scorecard
  1. Home
  2. Science
  3. Health
  4. news
  5. Former Miss USA Cheslie Kryst's mother said she had high-functioning depression. Here's what that means.

Former Miss USA Cheslie Kryst's mother said she had high-functioning depression. Here's what that means.

Anna Medaris,Anneta Konstantinides   

Former Miss USA Cheslie Kryst's mother said she had high-functioning depression. Here's what that means.
  • Former Miss USA Cheslie Kryst's new memoir was finished by her mother, April Simpkins.
  • Simpkins discussed Kryst's struggle with high-functioning depression before her death in 2022.

A new memoir by former Miss USA Cheslie Kryst was released on Tuesday. "By the Time You Read This" was finished by her mother, April Simpkins, who said it was one of her daughter's final wishes.

It explores Kryst's experience competing for Miss USA and Miss Universe, as well as Simpkins' journey after her daughter died by suicide in January 2022.

"My life's purpose has changed, and I realize more clearly my life's mission to continue to shine a bright light on mental health and wellness," Simpkins wrote in the memoir.

Simpkins also discusses her daughter's struggle with high-functioning depression. The term, which is not an official medical diagnosis, describes depression among people who maintain, or even appear to thrive in, happy-looking, productive lives, experts told Business Insider.

"Although successful and oftentimes leaders in their fields, these individuals are conducting their lives much like running a race with a weight belt carrying 100 extra pounds," John Huber, a psychologist at Mainstream Mental Health, told Healthline.

Kryst was an attorney, reporter, and Miss USA titleholder

Kryst won the Miss USA title in 2019 while representing North Carolina, and made the top 10 at Miss Universe that same year. She was also a complex-litigation attorney and worked as a host for Extra TV.

In a statement sent to BI after Kryst's death, Simpkins said that while her daughter's "life on this earth was short, it was filled with many beautiful memories."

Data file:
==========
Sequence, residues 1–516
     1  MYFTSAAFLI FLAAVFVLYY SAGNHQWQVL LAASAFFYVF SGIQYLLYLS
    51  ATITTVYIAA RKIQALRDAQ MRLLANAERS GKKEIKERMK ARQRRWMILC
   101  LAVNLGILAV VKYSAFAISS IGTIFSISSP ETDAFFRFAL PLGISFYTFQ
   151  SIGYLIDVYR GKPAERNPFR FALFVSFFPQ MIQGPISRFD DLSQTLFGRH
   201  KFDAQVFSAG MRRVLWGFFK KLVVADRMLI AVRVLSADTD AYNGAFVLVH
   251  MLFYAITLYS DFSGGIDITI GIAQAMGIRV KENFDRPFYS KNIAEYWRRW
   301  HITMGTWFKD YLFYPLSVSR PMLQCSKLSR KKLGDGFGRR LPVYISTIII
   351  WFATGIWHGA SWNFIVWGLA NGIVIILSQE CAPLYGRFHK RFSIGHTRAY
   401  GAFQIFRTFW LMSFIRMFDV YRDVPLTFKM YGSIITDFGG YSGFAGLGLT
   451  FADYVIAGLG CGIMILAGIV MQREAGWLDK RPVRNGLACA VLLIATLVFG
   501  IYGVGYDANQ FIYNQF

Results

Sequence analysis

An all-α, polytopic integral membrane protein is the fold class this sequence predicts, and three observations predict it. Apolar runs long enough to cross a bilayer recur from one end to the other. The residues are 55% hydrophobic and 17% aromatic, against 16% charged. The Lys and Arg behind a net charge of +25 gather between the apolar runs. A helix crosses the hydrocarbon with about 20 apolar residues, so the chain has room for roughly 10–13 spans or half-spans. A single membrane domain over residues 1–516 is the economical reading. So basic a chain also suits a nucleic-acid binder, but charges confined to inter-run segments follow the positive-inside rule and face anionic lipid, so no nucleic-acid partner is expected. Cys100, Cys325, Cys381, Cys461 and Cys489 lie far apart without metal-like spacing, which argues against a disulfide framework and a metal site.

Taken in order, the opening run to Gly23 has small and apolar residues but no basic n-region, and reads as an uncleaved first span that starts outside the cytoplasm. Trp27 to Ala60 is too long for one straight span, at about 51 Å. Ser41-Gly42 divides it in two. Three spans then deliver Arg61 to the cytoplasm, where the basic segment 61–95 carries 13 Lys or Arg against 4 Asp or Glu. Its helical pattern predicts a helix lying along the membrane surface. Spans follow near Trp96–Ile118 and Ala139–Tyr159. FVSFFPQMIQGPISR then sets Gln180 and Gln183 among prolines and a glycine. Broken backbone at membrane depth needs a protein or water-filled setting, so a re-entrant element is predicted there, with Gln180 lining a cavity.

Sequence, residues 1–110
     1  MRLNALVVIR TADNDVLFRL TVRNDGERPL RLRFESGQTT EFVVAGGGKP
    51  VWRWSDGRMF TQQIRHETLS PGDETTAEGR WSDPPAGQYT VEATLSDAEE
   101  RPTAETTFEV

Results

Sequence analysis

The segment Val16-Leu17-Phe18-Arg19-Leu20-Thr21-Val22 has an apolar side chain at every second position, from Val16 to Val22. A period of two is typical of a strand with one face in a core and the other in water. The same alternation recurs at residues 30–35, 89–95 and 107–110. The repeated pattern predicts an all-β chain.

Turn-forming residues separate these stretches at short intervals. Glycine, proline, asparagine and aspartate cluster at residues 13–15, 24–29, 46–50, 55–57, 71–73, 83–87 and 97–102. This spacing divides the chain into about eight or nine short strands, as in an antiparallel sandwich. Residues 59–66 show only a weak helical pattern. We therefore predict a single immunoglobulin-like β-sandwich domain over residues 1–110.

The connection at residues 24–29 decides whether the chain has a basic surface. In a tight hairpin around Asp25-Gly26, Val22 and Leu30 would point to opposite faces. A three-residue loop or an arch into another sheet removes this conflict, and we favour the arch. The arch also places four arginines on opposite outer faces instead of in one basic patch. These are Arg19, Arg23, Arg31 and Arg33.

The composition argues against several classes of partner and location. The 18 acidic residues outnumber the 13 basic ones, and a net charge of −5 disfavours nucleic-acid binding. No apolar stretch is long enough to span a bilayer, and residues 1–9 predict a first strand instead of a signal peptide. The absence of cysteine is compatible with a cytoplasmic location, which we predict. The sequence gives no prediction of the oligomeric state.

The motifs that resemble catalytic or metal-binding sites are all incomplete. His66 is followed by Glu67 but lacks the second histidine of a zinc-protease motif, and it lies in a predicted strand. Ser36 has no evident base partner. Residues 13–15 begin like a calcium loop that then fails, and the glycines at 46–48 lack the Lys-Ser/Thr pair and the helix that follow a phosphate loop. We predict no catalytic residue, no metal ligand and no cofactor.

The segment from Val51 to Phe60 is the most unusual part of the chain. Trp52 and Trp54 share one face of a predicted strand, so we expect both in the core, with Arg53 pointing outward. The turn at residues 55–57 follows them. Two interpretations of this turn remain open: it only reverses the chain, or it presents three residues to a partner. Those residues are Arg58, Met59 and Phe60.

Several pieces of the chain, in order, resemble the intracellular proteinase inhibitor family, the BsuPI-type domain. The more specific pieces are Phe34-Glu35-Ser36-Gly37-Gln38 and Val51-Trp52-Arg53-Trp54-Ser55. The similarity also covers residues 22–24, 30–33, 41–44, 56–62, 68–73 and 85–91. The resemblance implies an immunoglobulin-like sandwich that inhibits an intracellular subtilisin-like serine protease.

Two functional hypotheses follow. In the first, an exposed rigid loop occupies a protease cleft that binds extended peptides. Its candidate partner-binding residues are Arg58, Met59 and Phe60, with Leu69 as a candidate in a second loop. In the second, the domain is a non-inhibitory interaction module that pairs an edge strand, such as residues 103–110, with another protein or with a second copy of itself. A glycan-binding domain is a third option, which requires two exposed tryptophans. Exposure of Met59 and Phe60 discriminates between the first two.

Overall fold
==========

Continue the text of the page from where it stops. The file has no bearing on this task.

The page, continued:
"We miss her laugh, her words of wisdom, her sense of humor, and mostly her hugs," she said. "We miss all of it, we miss all of her. Cheslie — to the world, you were a ball of sunshine wrapped in smiles."

Simpkins added that she "talked, FaceTimed, or texted" her daughter "all day, every day."

"You were more than a daughter — you were my very best friend," Simpkins said. "Talking with you was one of the best parts of my day. Your smile and laugh were infectious. I love you baby girl with all my heart. I miss you desperately. I know one day we'll be together again. Until then, rest easy and in peace."

Kryst worked pro bono with clients serving long sentences for low-level drug offenses. She helped free one client who had been sentenced to life in prison. She also spent years raising funds for the nonprofits Dress for Success and Big Brothers Big Sisters of America, and also used her platform to support Black Lives Matter.

In 2019, Kryst was part of a historic moment when Miss Universe, Miss USA, Miss Teen USA, and Miss America all went to women of color. She told Business Insider at the time that being part of such a group was "surreal."

"I just think this is an important moment," she said. "And maybe people can carry this inspiration into other areas of their lives."

People in tech and entertainment may be vulnerable to high-functioning depression

About 8.4% of Americans 18 and over experience major depressive disorder any given year, the Anxiety and Depression Association of America reports. It's more common in women than men, and the medium age of onset is 32.5.

Dr. Mimi Winsberg, a psychiatrist and chief medical officer of Brightside, told BI that clinicians think of depression on a spectrum from mild to severe, and also consider patients' level of functioning. Can they get out of bed? Go to work? Engage socially?

"More often than not, severity correlates with a lower level of functioning, but some people can experience severe depression, even suicidal ideation, but continue to be high functioning in their outwardly facing lives," she said.

Winsberg lives in San Francisco and has worked as Facebook's on-site psychiatrist. She says that high performers in the tech and entertainment industries may be compelled to hide their internal pain due to the "pressure to keep up public appearances, or an environment that does not culturally sanction depression or where lower levels of functioning are less acceptable."

Getting help can be challenging since it "can involve acknowledging vulnerability and slowing down," Winsberg said.

If you suspect a loved one is struggling — unstable moods, sleep, relationships, and substance abuse can be clues, though not always — encourage them to get care, Winsberg said.

"Good treatments are available, even online and from the comfort of your home," she added.




Advertisement